It was still called Facebook Messenger and Meta was still owned by Facebook when Messenger launched end-to-end encrypted (E2EE) talking in 2016. The optional function, which allows users to encrypt text messages as well as group chats and calls, has now been fully implemented and is available to everyone. Meta has considered the possibility of moving to E2EE as the default, but that may not happen until next year at the earliest, due to concerns that doing so would jeopardise public safety, which some regulators disagree with.
The secure conversations are accessible in two ways: either through vanish mode, which is accessed by swiping up on a current chat to enter one where messages are automatically deleted when the window is closed, or through the original Secret Conversations feature, which was released in 2016. When you start a new chat, you can enable this feature by toggling the lock icon.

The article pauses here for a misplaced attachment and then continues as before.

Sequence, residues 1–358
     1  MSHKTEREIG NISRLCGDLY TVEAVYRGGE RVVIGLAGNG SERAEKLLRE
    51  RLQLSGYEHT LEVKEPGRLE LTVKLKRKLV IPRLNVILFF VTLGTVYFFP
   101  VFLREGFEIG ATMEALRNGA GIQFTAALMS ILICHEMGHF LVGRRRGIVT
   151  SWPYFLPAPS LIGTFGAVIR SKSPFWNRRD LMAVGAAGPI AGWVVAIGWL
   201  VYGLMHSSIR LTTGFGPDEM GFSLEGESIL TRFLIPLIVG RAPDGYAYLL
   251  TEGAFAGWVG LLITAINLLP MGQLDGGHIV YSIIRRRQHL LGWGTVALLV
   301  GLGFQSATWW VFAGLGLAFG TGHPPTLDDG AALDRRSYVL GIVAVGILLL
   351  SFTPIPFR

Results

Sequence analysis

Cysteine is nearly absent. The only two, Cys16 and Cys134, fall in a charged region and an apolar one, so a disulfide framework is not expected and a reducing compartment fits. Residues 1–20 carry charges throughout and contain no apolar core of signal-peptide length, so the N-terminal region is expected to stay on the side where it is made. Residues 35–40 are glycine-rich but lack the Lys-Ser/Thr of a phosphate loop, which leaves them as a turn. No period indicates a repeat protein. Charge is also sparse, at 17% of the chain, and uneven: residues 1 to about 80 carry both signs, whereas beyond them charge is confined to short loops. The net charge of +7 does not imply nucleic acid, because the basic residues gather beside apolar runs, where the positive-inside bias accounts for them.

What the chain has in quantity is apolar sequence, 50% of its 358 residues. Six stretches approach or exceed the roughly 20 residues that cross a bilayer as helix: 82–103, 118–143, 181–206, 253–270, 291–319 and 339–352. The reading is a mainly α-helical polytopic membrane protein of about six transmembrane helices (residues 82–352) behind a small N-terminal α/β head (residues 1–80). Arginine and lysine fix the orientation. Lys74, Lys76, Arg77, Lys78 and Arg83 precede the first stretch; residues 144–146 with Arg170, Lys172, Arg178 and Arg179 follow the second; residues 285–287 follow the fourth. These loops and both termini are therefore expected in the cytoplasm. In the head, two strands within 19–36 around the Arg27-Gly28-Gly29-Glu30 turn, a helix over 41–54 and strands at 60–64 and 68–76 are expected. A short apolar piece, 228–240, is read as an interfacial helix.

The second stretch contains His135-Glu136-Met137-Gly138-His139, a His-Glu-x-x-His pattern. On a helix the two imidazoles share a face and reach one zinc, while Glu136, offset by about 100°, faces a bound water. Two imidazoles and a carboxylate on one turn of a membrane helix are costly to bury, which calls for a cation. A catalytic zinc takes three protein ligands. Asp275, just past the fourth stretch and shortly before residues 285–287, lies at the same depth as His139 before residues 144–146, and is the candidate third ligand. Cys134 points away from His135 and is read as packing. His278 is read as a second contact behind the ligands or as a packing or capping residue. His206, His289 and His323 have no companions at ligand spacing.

The functionality will be fully implemented, but there will also be some new features available to use. GIFs, stickers, emotions, and long-pressing to reply or forward messages are now available in end-to-end encrypted chats. It is also possible to identify real accounts (as long as they are not Elon Musk) in the encrypted chats, thanks to the addition of verified badges.
A screenshot notice in the style of Snapchat will be rolled out gradually over the next several weeks, and you may also preserve any media that has been exchanged in the chat room.